Fiji is an attractive location for retirement villages.

The climate and environment are excellent and there is a very high level of personal security.

Foreigners are welcome to purchase property in Fiji, subject to some limitations and the legal framework for ownership simple and secure.

One of the critical issues with retirement accommodation product is the need for readily available quality medical services and this is lacking in Fiji.

This is about to change with the proposal from BSP Life to develop a world class hospital on Denerau Island.

The hospital will be basically founded on medical tourism but will be, according to reports, available to locals, although the fees will be high.

This would not be an issue for the types of people who purchase retirement units so the way is now open for the retirement village industry to start in Fiji.

This segment has proved very profitable in Australia and New Zealand and some research carried out several years age indicated that there would be a strong market for Fiji retirement properties.

One of the attractions highlighted in the research was that the weather in Fiji which would allow the owners to avoid the cols withers in the two main source markets, with the possibility of spending time in both Fiji and the home country.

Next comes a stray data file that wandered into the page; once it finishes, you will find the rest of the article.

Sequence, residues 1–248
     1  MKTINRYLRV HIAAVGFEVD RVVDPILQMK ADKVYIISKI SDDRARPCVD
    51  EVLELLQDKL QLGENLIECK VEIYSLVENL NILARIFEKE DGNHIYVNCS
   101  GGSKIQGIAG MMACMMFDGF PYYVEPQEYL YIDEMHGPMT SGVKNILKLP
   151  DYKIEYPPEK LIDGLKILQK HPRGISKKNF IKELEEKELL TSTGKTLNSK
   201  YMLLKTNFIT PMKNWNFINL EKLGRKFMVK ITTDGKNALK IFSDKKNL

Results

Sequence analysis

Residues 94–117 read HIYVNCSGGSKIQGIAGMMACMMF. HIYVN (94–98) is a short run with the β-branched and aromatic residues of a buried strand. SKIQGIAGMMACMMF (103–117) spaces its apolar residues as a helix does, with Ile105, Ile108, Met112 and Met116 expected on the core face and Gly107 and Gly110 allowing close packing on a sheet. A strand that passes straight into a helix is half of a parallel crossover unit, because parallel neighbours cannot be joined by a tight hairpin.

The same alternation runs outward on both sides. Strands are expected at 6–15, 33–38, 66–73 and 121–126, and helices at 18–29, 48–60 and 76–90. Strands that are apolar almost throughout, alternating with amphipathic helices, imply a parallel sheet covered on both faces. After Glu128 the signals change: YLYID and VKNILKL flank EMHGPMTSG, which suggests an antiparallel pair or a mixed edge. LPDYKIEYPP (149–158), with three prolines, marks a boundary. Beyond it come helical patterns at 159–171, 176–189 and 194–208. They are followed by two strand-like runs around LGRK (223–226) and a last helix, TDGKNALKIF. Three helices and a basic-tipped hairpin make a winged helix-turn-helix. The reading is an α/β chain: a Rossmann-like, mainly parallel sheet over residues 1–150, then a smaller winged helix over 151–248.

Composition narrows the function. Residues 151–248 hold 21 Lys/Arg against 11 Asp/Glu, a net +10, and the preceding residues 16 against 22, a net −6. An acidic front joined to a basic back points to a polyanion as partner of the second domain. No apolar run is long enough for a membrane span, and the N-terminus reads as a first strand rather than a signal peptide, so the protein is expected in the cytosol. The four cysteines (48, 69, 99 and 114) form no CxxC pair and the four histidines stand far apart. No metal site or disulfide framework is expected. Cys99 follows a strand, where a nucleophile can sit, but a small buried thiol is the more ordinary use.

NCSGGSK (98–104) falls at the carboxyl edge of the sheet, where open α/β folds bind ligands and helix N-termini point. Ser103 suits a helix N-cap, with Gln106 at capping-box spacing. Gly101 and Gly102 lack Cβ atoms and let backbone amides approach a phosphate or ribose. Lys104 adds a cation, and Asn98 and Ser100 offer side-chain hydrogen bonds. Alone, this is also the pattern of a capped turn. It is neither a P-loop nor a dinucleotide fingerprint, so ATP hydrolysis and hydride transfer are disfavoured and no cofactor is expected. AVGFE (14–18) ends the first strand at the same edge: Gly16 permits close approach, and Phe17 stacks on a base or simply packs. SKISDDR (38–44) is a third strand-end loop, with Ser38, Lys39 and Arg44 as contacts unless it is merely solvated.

The short flight times and the cheap airfares were also adding to the attraction of the concept.

Fiji would benefit significantly from the development of this section of the market as the owners would buy the units, paying all the local taxes and fees, would spend well on living expenses and the complexes would provide well paid jobs for the local staff in the operations of the facilities.

The people who buy into the complexes will be middle to high income earners and have an active lifestyle so their money will be spread through the community.

There are already several experienced Australian operators considering Fiji as a potential expansion area and the hospital availability may just be the last requirement to drop into place and make this possible.